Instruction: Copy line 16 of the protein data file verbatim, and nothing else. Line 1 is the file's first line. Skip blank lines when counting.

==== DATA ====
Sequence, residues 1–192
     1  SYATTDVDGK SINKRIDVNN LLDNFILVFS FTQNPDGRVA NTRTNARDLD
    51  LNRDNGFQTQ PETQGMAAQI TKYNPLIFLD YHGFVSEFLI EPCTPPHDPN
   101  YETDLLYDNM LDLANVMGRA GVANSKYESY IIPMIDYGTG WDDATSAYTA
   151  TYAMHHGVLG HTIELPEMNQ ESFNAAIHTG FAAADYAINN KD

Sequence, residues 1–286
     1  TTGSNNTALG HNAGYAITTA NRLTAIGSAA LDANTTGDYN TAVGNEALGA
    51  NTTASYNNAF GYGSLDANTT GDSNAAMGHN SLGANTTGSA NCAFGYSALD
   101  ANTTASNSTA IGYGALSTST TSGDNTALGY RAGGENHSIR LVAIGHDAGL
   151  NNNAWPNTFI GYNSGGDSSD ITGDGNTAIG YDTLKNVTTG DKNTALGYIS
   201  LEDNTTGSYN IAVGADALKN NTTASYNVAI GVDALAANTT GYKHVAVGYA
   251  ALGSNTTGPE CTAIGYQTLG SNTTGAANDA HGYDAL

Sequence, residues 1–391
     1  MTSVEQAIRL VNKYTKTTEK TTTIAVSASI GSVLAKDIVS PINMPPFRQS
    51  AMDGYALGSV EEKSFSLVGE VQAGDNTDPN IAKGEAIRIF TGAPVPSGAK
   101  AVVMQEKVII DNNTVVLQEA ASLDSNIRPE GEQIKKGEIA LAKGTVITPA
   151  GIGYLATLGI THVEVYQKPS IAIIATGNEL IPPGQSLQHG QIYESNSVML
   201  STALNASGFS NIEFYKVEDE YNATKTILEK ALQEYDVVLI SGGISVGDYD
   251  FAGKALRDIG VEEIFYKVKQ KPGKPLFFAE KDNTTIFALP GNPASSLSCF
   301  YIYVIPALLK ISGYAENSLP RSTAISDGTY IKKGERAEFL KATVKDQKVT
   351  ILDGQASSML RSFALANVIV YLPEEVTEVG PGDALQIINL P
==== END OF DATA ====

   101  AVVMQEKVII DNNTVVLQEA ASLDSNIRPE GEQIKKGEIA LAKGTVITPA